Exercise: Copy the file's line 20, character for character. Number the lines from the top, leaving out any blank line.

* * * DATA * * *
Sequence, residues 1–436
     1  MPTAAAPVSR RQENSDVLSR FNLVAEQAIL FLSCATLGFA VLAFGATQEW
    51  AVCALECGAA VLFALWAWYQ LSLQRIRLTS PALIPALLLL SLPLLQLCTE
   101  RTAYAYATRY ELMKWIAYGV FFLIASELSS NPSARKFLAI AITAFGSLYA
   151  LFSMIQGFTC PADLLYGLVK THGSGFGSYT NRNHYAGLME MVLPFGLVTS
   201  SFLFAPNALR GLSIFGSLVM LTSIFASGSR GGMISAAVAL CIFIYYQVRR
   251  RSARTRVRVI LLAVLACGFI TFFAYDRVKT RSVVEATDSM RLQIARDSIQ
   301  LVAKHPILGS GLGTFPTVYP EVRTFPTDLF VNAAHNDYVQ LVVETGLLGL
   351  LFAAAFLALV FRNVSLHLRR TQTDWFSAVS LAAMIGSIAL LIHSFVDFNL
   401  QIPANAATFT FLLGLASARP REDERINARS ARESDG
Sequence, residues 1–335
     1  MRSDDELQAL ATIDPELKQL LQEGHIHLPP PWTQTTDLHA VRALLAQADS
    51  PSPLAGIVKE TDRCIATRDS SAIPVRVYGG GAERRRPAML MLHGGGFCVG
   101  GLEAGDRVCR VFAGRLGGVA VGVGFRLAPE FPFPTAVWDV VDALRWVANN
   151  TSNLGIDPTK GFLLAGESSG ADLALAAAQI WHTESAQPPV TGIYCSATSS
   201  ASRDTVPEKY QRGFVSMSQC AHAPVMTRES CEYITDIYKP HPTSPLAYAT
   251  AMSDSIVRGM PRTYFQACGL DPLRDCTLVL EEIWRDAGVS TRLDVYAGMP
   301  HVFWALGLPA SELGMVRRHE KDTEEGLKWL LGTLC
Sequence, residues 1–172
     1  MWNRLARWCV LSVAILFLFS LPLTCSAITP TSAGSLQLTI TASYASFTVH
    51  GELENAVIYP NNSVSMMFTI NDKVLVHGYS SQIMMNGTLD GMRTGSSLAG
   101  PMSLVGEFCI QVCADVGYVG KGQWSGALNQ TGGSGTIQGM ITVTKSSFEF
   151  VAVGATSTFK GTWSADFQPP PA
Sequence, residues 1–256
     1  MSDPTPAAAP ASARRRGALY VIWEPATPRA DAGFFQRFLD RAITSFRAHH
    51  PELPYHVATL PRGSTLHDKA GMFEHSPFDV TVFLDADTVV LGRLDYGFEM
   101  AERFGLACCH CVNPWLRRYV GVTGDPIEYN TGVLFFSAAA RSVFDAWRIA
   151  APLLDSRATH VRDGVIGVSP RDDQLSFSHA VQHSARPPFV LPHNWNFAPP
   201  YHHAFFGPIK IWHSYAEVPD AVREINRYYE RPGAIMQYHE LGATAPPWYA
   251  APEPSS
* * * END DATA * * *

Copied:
     1  MWNRLARWCV LSVAILFLFS LPLTCSAITP TSAGSLQLTI TASYASFTVH